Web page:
The Dorothy Collins Brown Wing of the Virginia Steele Scott Galleries of American Art is devoted to the work of early 20th-century Pasadena architects Charles Sumner and Henry Mather Greene. Synonymous with the Arts & Crafts Movement in Southern California, their insistence upon fine craftsmanship, houses and furniture harmonized as single artistic expressions, and the use of the highest-quality materials set new levels of excellence. This approach belonged to a larger cultural movement that began in England in response to the Industrial Revolution.
The Huntington’s exhibition, organized in collaboration with the Gamble House/University of Southern California, has three parts. The main hall features the full spectrum and evolution of the Greenes’ artistic genius, with examples of their designs for furniture and decorative arts. The second part is the reassembled stairway from the 1905 Arthur A. Libby house, and the third part of the exhibition is a recreation of the dining room of the Henry M. Robinson House, designed and built in Pasadena between 1905 and 1907.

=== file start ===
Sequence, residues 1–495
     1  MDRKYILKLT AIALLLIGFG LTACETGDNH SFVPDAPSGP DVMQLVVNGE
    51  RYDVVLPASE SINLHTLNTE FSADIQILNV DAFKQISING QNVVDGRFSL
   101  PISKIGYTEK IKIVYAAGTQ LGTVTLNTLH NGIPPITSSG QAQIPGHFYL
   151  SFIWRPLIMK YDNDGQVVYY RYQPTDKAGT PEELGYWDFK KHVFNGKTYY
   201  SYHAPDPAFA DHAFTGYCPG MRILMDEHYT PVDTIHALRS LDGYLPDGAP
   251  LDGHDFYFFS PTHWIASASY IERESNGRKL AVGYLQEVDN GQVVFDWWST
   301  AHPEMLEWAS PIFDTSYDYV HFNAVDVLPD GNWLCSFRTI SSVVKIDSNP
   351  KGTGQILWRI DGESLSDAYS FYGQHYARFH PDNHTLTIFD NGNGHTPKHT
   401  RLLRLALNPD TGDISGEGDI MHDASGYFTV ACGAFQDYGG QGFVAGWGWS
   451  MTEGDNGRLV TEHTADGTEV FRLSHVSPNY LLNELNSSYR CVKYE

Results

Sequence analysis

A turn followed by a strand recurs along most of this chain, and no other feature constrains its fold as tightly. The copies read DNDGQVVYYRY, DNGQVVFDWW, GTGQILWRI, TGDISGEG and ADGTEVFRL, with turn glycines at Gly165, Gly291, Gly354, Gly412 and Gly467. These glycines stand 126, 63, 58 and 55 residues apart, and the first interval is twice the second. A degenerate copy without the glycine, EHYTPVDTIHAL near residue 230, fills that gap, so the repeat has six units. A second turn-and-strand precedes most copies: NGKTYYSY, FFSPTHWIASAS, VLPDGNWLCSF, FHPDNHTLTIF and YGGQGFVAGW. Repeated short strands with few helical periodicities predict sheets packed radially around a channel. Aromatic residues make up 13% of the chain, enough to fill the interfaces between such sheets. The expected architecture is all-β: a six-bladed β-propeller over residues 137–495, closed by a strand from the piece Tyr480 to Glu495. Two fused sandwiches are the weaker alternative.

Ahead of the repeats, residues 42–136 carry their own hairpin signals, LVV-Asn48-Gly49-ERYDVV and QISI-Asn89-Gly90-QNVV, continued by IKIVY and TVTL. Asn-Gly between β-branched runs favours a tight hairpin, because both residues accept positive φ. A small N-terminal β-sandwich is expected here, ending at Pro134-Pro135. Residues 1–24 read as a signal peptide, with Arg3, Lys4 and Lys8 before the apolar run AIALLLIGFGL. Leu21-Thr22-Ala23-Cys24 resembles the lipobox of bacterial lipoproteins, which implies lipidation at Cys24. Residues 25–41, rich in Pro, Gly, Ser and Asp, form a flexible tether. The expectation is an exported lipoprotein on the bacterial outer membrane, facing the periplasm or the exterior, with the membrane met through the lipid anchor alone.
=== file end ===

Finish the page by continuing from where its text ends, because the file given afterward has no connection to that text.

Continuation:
The Huntington's Greene & Greene collection includes a recreation of the dining room of the Henry M. Robinson House designed and built in Pasadena between 1905 and 1907.